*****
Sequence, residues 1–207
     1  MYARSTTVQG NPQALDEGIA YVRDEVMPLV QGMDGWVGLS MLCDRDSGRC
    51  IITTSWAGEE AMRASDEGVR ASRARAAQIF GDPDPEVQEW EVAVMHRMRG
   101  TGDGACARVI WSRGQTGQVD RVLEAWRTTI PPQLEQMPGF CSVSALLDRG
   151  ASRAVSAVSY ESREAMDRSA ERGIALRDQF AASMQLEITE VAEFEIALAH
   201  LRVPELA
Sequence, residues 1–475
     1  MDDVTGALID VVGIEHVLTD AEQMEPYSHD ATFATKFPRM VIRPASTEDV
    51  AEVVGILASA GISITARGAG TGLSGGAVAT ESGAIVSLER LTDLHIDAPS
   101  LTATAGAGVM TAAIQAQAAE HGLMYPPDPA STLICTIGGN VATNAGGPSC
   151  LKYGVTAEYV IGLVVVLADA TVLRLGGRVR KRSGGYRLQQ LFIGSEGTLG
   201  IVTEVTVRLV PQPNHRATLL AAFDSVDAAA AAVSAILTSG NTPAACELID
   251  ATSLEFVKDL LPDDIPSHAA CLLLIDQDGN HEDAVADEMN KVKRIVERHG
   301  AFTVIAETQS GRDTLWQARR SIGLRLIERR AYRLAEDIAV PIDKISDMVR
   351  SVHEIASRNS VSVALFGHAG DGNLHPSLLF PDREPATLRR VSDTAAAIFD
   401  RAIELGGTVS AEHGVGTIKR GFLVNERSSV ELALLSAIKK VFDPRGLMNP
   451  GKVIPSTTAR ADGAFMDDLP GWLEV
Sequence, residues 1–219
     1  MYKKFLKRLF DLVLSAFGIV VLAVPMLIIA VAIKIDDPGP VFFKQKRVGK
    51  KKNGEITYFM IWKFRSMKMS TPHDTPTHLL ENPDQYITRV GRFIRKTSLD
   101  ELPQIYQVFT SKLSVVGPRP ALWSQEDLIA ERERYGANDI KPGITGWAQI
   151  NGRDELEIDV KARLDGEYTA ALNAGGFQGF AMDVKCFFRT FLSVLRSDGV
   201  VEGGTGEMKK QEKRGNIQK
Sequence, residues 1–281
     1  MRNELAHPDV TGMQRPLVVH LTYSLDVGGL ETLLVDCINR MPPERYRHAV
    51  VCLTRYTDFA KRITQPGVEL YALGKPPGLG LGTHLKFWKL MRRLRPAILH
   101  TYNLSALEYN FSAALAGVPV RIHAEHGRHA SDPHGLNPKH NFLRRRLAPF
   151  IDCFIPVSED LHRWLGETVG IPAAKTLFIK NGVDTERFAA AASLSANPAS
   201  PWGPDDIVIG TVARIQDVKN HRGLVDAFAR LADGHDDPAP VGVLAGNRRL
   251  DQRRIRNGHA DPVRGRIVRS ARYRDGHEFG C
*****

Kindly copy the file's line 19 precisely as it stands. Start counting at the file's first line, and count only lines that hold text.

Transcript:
     1  MYKKFLKRLF DLVLSAFGIV VLAVPMLIIA VAIKIDDPGP VFFKQKRVGK